|Researching the effects of underwater hydrothermal venting systems|
The Cleft segment is the southern-most segment of the Juan de Fuca Ridge, from the intersection with the Blanco Fracture Zone at 44°30' N to 45°10' N where it overlaps with the Vance segment. The Cleft segment is of particular interest because, after yearly chemical and thermal monitoring since 1983, an extraordinarily large plume of hydrothermal effluent was discovered in 1986. The center of this so-called "megaplume" (and a subsequent one found in 1987) was several hundred meters shallower than the "steady-state" hydrothermal plume observed over the ridge, and contained the equivalent of about 1 year's discharge from a typical ridge crest vent field. A conductivity-temperature-depth (CTD) profile taken 1 month later at the site revealed that the megaplume was no longer present. Modeling of the dynamics of megaplume generation revealed that it was consistent with a sudden expulsion of fluids from a pre-existing hydrothermal system, probably from a fissure produced during an episode of seafloor extension. Independent evidence for this interpretation was discovered when subsequent surveys of the northern Cleft segment using multibeam sonar, side scan sonar and deeply towed camera revealed that a basaltic fissure eruption had occurred in the area between 1983 and 1987 (see Geology Cleft page for more information).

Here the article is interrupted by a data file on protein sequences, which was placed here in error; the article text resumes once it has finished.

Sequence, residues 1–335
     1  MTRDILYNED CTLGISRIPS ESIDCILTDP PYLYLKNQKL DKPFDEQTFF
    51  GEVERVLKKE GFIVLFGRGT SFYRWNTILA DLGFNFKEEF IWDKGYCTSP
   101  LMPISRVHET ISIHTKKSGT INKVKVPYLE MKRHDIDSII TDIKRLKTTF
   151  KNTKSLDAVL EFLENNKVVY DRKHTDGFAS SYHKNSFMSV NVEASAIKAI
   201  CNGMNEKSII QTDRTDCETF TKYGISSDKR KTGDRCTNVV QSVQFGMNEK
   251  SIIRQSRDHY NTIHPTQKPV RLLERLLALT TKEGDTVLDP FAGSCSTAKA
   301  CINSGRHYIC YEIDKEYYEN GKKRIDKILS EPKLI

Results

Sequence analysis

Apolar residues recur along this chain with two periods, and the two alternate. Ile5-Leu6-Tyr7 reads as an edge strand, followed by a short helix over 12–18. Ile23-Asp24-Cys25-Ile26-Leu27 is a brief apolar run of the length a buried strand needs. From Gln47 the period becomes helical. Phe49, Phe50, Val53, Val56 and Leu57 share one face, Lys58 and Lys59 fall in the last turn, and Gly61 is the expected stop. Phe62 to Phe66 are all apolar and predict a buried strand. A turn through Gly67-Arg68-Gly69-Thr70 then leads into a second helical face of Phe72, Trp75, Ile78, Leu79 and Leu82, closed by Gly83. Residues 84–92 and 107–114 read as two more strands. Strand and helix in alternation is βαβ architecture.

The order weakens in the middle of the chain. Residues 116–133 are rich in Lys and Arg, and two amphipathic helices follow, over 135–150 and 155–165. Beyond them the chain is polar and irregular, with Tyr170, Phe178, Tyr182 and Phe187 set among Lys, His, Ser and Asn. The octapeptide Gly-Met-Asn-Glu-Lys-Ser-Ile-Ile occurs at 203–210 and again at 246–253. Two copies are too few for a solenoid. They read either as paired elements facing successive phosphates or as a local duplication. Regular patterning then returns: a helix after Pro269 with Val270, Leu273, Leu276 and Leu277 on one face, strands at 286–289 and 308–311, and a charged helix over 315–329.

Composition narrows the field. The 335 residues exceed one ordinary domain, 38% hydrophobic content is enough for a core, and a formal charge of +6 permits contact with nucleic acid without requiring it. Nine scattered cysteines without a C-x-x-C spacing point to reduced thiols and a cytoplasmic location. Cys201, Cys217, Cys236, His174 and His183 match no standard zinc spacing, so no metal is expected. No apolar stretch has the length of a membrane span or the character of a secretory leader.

The discovery of the megaplume focused a broad research effort within the source area on the northern portion of the Cleft segment, which resulted in a special session at the Fall 1991 American Geophysical Union meeting and a special section of the Journal of Geophysical Research in the March, 1994 issue (vol. 99).